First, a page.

I liked to say it was a show about “a G-rated dysfunctional family,” but offstage, off camera, there was nothing dysfunctional about us. There was support, love, affection, respect. If I saw any pictures of myself at an afterparty, I looked happy. The last guy standing. I was the “final, final” guy. Drunk but happy. Making everybody laugh.

When did I cross that line from life-of-the-party drunk to out-of-control alcoholic? When did I see that I was paying a price for this? About five years ago, I started to see the red flags. I wasn’t remembering things. Blacking out, falling. “I’m really worried about you,” my wife, Melissa, would say. By then, we’d been together for more than a decade, and she knew me better than anyone.

“Come on,” I’d say, “I’ve been doing this my whole life.”

“Yeah,” she’d say, “that’s what I’m worried about.”

I loved booze. But it had stopped loving me back.

One day, staying at a friend’s house in Arizona—Melissa wasn’t there—I fell during a drunken stupor. I took a picture of myself, my face a bloody mess. “You’re going to have to show Melissa this,” my friend said, “before she sees you.” I texted it to her, then got her on the phone. I heard her crying. That’s when I knew: I have a problem. A real problem.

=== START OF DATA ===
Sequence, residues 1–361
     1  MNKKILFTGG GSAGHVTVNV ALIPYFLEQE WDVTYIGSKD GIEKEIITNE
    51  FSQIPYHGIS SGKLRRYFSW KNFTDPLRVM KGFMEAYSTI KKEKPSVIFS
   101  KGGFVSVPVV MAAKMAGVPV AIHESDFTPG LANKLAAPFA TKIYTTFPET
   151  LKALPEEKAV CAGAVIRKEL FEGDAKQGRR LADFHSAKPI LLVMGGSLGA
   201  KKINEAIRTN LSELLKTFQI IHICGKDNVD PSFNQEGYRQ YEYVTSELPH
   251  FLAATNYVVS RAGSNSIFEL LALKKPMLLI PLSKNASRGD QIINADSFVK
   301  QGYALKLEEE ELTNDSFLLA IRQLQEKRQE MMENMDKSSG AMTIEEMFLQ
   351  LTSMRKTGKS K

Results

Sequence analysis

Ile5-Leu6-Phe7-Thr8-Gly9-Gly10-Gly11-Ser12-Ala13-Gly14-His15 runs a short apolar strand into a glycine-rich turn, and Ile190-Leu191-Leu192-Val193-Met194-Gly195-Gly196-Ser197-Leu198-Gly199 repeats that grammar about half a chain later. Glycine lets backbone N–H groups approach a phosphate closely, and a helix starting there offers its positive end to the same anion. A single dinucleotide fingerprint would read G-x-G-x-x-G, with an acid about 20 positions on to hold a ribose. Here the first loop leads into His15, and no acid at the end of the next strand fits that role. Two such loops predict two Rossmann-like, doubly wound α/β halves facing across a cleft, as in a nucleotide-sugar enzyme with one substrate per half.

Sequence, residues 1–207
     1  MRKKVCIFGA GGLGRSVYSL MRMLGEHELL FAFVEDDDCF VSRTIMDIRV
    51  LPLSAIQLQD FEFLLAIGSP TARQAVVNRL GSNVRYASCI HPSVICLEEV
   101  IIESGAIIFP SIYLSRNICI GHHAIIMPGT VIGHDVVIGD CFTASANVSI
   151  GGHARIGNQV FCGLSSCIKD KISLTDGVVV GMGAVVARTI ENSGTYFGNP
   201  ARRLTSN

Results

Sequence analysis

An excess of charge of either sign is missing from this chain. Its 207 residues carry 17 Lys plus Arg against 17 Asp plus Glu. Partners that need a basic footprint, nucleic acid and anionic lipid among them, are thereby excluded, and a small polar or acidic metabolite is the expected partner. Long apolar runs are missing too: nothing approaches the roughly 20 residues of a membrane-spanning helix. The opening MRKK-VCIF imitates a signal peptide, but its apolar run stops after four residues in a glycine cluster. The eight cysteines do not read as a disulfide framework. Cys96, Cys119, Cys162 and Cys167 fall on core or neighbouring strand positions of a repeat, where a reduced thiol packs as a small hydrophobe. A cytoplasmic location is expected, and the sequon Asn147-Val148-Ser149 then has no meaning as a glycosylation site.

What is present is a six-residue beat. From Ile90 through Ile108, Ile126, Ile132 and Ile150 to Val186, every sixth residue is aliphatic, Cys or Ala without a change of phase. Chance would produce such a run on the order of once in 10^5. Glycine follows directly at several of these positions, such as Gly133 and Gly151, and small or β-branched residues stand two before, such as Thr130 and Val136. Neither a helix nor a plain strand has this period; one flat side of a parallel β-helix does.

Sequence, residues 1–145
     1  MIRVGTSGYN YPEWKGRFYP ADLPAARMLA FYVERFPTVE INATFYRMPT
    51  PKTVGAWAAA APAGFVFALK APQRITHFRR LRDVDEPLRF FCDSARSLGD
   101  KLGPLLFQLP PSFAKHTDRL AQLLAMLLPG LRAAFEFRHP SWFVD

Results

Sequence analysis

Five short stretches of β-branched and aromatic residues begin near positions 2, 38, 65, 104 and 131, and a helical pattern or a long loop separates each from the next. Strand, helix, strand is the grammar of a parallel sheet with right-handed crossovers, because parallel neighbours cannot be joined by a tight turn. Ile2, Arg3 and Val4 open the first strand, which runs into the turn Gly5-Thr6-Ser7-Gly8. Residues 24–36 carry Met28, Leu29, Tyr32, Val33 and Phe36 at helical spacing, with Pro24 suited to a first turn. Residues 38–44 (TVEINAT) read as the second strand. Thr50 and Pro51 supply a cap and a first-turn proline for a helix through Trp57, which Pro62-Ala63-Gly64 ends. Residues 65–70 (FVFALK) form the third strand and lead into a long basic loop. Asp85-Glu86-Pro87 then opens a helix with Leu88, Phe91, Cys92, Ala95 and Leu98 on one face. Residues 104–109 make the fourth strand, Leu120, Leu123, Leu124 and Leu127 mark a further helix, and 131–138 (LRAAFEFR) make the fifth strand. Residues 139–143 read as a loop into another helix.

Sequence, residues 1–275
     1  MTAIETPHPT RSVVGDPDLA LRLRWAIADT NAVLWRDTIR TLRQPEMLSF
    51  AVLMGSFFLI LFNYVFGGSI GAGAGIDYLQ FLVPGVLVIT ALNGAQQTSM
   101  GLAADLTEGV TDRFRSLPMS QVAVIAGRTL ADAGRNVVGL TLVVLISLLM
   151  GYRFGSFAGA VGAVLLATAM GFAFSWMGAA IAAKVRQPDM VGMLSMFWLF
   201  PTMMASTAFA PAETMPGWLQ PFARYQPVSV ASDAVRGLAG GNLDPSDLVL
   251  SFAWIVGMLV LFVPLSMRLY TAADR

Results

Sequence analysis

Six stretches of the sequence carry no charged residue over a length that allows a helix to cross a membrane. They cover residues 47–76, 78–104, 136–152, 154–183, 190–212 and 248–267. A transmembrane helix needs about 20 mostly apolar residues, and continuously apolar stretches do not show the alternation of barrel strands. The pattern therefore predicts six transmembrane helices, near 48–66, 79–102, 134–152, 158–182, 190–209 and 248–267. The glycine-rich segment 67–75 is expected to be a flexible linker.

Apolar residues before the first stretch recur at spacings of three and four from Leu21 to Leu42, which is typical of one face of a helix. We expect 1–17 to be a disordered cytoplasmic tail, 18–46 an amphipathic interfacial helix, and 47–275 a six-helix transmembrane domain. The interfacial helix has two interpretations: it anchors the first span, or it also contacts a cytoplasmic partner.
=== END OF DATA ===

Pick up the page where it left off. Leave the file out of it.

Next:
Christmas and New Year’s were coming up. All those parties. I’d wait till the end of the year and start 2020 sober. The drinking would be over on January 1. Never again. Not a drop. “Yeah, sure,” I could hear people say. “We’ll believe it when we see it.”

In my mind, I heard that old W. C. Fields line: “Now don’t say you can’t swear off drinking. It’s easy. I’ve done it a thousand times.” Yet I was determined, as determined as I had ever been about anything. No. More. Alcohol. I’d promised Melissa. How hard could it actually be when I was that committed?

Hard. One of the hardest things I’d ever done, my body in torment, completely cold turkey. I trembled. I sweat. I knew the only thing that would make me feel better was a drink. But only for the short term. This was long-term. Not till March did I share the news on Instagram. Letting the world know. No secrets. Dave Coulier was sober now.

As painful proof of my past, I shared that photo of me looking like all hell. If I fell again, it wasn’t going to be because I was drunk. Clumsy maybe or from an accidental stick or puck during pickup hockey, but not stumbling drunk.